While sharing in itself is not new, online platforms enable sharing on a much larger scale. Since a sharing transaction is only completed when an unfamiliar consumer returns a shared good after a predefined period, sharing experiences are contingent on the good intent of users. The reliance on the behaviors of others for one’s own sharing experience makes sharing much riskier than buying outright. When we feel dependent on strangers, our behavior is very sensitive to our perceptions of what the situation is ‘about’, which shapes our expectations about others’ behavior. Therefore this dissertation contends that positive behavioral outcomes in the sharing economy are largely determined by the underlying relational norms, rules and values that are expected of other sharing consumers.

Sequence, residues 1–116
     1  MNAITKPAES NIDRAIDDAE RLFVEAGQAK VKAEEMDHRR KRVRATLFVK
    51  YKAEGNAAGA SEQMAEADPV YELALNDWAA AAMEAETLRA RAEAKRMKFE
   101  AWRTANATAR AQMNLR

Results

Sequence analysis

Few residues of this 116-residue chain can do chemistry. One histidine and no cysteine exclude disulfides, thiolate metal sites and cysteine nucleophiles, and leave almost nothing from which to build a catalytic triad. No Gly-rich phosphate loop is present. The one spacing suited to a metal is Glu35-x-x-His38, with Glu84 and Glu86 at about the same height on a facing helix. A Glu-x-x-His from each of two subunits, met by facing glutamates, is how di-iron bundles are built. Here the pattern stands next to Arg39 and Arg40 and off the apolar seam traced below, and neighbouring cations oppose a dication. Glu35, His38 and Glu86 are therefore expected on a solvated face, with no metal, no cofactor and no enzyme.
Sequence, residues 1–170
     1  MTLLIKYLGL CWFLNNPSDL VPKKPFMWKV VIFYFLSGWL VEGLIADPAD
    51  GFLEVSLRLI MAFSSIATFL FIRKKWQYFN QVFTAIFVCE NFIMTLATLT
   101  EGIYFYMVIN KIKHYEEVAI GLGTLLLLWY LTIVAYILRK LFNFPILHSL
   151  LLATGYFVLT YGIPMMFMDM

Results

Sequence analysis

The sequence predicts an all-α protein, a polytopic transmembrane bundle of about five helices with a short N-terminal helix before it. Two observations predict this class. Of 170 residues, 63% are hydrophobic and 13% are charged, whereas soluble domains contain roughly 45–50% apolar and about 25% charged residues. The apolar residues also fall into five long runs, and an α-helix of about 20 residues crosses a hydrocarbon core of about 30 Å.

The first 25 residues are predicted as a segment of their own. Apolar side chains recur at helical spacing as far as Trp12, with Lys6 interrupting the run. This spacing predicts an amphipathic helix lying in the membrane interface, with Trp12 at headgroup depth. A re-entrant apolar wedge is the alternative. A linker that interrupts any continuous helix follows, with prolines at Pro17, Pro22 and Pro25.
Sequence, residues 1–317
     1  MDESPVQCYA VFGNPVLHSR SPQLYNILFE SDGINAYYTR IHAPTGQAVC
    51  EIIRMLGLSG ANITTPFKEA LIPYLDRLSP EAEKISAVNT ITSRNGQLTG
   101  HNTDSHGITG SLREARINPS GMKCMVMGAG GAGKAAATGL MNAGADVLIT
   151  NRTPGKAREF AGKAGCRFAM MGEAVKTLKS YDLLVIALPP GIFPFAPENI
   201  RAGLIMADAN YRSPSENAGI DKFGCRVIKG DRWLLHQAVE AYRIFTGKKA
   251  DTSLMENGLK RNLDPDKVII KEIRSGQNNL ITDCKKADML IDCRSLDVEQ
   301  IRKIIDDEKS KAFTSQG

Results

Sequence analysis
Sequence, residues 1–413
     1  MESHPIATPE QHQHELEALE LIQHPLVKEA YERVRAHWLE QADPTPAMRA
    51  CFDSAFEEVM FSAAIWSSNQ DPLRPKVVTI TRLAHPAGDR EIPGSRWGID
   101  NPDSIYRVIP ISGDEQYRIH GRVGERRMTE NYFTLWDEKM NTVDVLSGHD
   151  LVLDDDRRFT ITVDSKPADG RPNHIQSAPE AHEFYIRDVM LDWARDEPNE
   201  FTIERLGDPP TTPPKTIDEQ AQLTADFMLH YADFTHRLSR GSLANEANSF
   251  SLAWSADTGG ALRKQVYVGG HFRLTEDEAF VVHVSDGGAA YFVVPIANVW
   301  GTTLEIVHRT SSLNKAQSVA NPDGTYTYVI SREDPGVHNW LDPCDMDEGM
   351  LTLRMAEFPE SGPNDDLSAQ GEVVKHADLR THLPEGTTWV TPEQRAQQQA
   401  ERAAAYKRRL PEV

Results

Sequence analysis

To capture how consumers perceive sharing relationships, the empirical studies build on Fiske’s relational models theory and the sharing economy’s trust typology. Chapter 2 examines the influence of two popular governance trends—monetizing sharing transactions and eliminating within-person interactions— on consumers’ self-selection choices and the role relational models herein. Chapter 3 analyses how consumers characterize their relationship with others and how these characterizations impact participation intent and sharing citizenship behaviors.
Chapter 4 investigates the impact of two key governance practices—platform intermediation and consociality—on relational frames, social norms and behavioral outcomes. Chapter 5 explores the role that platform and network trust play in consumer engagement, alongside governance mechanisms that build trust. The final chapter discusses the findings, implications and limitations of the dissertation, considering both research and practice.